Narrowing down Rome’s sights to top five presents quite an epic Roman challenge. With dozens of beautiful classical buildings and marble every time you turn a corner there’s more then enough top spots to choose from, but some photogenic spots I chose.
Piazza Navona is one of the the largest and most social squares I ever remember seeing. Blazing heat comes at you from all angles tempting a drink under a nearby canopy shaded restaurant. Bottled water is sold with ice frozen right in the middle. Hundreds browse the piazza, and local artists have laid out watercolours for sale on folding panels in the square. Twenty euros gets you something pretty special.
A couple takes pictures with a grand looking marble Roman god in the background. The fountain is a classic. Everyone around is speaking in various unknown languages but you can tell from their tone, they’re glad to be here, and as impressed as I am.
After picking up a rosary for a friend in the Vatican gift shop and having a tiny strong coffee, I line up for the Vatican City entry in St Peters Square. The popes of the ages look hopefully down at us. Properly dressed folks are ushered through methodically by guards. Girls with “too short” shorts are turned away, as indicated by a clearly marked sign. Vatican City is technically a separate country and its own rules apply. The columns to the Basilica are massive, bright white and everything seems so big to new eyes.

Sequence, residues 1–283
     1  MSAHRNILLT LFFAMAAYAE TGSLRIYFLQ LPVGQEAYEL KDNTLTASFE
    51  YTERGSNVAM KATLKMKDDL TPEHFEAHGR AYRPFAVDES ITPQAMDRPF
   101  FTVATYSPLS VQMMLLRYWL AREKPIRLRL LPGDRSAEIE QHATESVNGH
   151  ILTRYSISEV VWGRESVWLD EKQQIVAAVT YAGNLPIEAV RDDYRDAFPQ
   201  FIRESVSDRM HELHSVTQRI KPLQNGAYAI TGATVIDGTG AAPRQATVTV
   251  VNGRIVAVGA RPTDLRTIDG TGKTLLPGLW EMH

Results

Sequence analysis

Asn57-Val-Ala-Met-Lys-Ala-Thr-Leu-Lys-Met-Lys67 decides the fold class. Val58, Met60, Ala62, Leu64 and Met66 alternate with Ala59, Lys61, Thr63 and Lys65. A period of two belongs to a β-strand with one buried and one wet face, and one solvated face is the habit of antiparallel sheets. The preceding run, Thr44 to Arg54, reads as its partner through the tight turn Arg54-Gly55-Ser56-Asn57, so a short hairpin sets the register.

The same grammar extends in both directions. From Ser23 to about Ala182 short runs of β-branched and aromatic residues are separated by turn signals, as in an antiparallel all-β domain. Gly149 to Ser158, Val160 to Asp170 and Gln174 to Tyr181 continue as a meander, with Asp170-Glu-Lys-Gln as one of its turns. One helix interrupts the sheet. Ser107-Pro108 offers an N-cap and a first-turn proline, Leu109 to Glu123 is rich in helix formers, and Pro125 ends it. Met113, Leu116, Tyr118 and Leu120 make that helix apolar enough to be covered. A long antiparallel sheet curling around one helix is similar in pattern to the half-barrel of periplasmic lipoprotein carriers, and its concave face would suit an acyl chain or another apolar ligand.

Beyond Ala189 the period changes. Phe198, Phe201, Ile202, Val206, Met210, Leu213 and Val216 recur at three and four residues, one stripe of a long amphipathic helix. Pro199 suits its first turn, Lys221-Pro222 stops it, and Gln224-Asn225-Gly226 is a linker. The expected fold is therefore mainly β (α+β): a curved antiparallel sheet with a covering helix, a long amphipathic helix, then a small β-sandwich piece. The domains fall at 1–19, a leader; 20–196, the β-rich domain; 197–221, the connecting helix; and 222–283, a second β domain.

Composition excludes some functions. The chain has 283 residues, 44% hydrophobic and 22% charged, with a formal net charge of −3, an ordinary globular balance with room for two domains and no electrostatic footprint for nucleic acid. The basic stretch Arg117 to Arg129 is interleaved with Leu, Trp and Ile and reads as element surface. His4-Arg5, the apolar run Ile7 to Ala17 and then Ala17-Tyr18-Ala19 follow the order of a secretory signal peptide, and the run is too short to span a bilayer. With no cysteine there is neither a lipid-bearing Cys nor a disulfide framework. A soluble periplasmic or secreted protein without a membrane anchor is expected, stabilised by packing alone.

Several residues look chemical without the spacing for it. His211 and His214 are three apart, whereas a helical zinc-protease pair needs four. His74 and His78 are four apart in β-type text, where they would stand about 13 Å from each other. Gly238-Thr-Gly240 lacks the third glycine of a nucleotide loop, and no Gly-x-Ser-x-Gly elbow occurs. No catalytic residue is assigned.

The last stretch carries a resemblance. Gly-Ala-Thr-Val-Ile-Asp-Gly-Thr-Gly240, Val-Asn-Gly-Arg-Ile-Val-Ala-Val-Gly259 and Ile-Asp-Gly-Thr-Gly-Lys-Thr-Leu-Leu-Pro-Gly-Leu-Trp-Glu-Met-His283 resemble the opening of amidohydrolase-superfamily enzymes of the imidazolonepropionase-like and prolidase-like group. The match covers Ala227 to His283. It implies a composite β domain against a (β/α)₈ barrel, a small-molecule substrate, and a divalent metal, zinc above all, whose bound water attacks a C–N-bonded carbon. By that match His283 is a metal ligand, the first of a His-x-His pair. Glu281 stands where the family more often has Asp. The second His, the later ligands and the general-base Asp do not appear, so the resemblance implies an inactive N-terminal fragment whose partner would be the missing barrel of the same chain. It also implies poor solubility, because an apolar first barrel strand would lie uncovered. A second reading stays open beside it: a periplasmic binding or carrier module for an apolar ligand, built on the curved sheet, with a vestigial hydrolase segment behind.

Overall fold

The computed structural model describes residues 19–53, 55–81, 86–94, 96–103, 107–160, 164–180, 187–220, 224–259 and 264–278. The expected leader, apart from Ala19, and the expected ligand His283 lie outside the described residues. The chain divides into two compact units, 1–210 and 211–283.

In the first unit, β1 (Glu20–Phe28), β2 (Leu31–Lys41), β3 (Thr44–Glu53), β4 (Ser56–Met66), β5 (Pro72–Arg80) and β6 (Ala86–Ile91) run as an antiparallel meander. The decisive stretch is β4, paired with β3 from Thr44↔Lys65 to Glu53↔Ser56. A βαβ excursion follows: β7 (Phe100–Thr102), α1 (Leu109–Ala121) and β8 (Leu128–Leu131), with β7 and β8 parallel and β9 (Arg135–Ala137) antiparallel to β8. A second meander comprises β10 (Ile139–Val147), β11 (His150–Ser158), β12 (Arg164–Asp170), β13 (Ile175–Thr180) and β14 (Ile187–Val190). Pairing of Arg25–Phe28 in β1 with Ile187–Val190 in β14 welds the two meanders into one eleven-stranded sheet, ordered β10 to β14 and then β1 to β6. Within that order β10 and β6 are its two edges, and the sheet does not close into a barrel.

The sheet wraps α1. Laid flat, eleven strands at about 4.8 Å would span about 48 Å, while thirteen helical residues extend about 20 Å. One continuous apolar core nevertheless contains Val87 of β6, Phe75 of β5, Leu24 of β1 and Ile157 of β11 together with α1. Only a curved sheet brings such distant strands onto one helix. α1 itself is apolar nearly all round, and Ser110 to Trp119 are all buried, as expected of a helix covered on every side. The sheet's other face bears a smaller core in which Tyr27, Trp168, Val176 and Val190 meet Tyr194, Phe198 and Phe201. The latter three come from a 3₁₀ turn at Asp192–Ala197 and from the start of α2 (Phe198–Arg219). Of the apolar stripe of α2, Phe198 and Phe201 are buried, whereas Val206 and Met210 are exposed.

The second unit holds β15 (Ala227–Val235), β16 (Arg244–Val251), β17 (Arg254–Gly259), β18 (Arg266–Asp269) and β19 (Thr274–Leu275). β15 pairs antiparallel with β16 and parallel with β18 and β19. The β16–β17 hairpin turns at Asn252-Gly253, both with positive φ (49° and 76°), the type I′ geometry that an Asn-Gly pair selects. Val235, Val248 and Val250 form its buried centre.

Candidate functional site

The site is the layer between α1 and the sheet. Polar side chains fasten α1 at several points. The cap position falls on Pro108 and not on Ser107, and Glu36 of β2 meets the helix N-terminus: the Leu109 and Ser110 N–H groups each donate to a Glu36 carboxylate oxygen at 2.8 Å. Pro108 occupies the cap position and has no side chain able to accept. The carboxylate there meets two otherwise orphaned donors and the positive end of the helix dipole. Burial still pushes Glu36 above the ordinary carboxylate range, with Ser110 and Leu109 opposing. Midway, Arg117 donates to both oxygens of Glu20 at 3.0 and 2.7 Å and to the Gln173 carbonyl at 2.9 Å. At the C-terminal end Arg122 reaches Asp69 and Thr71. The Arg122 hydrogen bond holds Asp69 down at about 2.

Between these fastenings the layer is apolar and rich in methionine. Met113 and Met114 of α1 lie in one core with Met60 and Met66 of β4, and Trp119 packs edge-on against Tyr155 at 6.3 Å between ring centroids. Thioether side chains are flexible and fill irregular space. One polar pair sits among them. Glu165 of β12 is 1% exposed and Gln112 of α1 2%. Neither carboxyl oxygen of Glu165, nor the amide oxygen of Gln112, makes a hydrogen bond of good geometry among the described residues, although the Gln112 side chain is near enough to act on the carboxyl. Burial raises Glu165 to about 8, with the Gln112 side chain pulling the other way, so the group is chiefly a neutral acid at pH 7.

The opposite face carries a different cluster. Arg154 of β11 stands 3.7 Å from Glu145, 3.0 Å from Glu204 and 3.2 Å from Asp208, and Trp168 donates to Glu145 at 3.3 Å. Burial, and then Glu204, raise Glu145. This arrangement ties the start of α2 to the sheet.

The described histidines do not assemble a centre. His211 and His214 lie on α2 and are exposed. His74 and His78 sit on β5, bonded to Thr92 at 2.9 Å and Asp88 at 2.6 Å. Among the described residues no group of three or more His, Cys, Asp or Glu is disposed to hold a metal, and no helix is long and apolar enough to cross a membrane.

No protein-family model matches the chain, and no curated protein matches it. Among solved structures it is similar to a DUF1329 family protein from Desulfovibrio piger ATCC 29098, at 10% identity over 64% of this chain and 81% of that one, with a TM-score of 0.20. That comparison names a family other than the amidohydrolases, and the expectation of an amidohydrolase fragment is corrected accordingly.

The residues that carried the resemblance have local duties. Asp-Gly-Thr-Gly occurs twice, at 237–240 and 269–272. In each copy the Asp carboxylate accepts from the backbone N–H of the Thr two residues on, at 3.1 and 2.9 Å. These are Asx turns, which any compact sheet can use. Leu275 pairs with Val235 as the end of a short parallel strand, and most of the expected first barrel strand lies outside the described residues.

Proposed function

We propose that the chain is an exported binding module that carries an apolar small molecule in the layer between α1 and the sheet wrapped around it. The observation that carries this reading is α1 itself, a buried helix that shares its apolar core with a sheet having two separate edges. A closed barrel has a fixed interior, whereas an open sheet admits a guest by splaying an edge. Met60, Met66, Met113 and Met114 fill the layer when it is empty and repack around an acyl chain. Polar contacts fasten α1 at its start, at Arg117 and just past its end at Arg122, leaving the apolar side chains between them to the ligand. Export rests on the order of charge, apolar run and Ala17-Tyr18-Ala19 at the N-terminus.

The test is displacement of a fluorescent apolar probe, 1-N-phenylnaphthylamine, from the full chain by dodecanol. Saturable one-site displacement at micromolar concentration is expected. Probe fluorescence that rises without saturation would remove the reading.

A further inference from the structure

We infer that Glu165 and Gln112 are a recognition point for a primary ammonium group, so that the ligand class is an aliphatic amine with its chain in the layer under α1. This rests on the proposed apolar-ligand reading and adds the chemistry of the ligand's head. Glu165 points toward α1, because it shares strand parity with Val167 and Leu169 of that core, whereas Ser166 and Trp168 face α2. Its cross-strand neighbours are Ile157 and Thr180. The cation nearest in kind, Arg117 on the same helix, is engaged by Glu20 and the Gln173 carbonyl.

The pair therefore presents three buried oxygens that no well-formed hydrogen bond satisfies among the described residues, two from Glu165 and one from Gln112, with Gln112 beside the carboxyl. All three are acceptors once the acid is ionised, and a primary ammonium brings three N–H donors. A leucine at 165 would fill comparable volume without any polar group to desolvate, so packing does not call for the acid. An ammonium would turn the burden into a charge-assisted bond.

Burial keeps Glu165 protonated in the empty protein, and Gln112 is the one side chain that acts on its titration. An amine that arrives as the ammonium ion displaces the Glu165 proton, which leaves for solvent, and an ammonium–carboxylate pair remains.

Pantheon will continue to draw some of the highest number of tourists of everywhere in the modern, developed world for the reasons of its religious foundation, charm and distinctive experience.
My Latvian roommate and I sit at our authentic Italian eatery, and decide upon dinner.
“I’ve been eating Gelato all day, I think it’s time for some pizza,” I said noticing the very reasonable seven euro price for fresh mozzarella pizza.
“A gelato will calm your growling stomach in the day but evening, you must have Italian wine. Italian pizza,” he said.
“You must see the Spanish Steps. I’ve never seen anything like it. Hundreds of tourists, click click clicking their camera. Flashes everywhere,” he said.
“I thought before I get there…. hmmm, maybe a few people still,” he said. “It’s nine at night. Then boom boom like strobe light. Hundreds of cameras flashing!!”
I had yet to make it there, but it was on my big five.
Descending the spanish steps from high above with a view down the lengthy street way that leads away into the city is quite the social and people watching experience, like much of Rome. I recommend approaching it for the first time from above.
An area I was pre-warned to be cautious in was Trevi Fountain. Having never been, I imagined hiding my wallet in the impossible regions, and only taking out my blackberry to take a few shots when I was clear of sketchy potential robbers.
Arriving at Trevi was not nearly as sketchy as it was made out to be before I got there. People flashed and displayed their Iphones, DSLR cameras and devices galore in all of their wild attempts to catch the glorious fountain from every possible angle.
Several dozen tourists constantly filtered into the mass gathered directly in front of the terraced area by the fountain. Chucking a coin into Trevi is said to ensure your return one day back to Rome, and is an essential part of the experience. I complete one “Return Rome Deposit”, and also one for a friend insisting he needs to return one day.